In our previous papers [23, 25, 36, 37] the nested sums \(K_{a,b,...}(j)=\sum ^j_{m=1} \, \frac {(-1)^{m+1}}{m^a} S_{b,...}(m)= - S_{- a,b,...}(j)\) have been used together with their analytic continuations [25, 42].

  7. 7.

    The evaluation of the inverse mass expansion coefficients is demonstrated in Ref. [38].

  8. 8.

    A short review of many approaches has recently been presented as an introduction to this volume [77].

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Acknowledgements

The author thanks Johannes Blümlein for invitation to present a contribution to the Proceedings of International Conference “Antidifferentiation and the Calculation of Feynman Amplitudes” (4–9 October 2020, Zeuthen, Germany) and Andrey Pikelner for help with Axodraw2 [90]. The author thanks Kay Schönwald also for a strong improvement in article style.

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Appendix: Massive Part of J 1(q 2, m 2) in Eq. (5)

Appendix: Massive Part of J 1(q 2, m 2) in Eq. (5)

In this appendix we consider the following diagrams

(43)

The IBP relations for the internal loop of the diagram produce two equations:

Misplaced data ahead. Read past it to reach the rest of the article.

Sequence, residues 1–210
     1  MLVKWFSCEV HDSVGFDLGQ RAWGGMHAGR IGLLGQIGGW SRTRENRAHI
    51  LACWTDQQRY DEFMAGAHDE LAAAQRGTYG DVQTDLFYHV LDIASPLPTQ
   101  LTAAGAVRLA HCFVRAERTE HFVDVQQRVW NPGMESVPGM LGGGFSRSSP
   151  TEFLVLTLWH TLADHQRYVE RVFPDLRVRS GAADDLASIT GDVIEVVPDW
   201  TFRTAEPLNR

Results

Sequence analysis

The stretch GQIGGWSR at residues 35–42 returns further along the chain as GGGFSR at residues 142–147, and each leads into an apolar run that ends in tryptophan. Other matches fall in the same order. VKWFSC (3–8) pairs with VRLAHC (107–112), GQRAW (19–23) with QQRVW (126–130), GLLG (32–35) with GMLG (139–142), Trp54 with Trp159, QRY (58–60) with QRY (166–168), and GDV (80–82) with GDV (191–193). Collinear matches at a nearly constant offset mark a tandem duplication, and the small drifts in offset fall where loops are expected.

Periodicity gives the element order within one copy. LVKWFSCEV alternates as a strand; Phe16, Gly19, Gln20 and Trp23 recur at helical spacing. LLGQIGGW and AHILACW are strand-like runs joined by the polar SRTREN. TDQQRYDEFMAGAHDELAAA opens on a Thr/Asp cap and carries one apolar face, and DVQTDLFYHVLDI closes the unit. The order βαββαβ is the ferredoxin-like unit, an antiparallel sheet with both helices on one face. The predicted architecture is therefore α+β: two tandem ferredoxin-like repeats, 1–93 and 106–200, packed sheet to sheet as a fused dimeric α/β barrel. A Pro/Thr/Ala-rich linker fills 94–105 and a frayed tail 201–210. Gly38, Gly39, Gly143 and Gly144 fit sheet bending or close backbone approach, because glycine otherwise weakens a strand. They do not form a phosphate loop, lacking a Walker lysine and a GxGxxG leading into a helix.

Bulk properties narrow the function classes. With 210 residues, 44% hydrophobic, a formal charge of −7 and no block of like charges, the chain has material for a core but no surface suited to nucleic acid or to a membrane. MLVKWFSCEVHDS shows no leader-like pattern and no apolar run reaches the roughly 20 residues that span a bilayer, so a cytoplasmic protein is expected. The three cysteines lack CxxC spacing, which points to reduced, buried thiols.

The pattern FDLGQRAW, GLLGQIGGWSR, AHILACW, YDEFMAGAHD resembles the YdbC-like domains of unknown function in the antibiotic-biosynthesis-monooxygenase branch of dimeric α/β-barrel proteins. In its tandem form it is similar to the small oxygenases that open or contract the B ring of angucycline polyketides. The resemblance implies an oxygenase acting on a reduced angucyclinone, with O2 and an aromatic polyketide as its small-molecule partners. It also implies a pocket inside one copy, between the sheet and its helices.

$$\displaystyle \begin{aligned} \begin{array}{rcl} & &\displaystyle (d-1-2\alpha) \, I_2^{(\alpha)}(q^2,m^2) = \alpha \, J_2^{(\alpha+1)}(q^2,m^2) - m^2 \, \alpha \, I_2^{(\alpha+1)}(q^2,m^2) \, ,\quad {} \end{array} \end{aligned} $$
(44)
(45)

where

$$\displaystyle \begin{aligned} J_2^{(\alpha)}(q^2,m^2) = T_{0,\alpha}(m^2) \, L_{1,1}(q^2) \, - S^{(1,2)}(q^2,m^2) \, . {} \end{aligned} $$
(46)

We note that T 0,2(m 2 = 0) = 0 in dimensional regularization and

$$\displaystyle \begin{aligned} T_{0,2}(m^2) L_{1,1}(q^2) = \frac{1}{(4\pi)^{d}} \, \frac{R(0,2)A(1,1)}{m^{2(2-d/2)}q^{2(2-d/2)}} \, , {} \end{aligned} $$
(47)

where R(α 1, α 2) and A(α 1, α 2) are given in Eqs. (13) and (12), respectively.

The IBP relations for internal triangles of the diagram \(I_2^{(1)}(q^2,m^2)\) produce two additional equations:

(48)
(49)

Using Eqs. (45) and (49) in the combination: 2 ×(45) + (49) , we have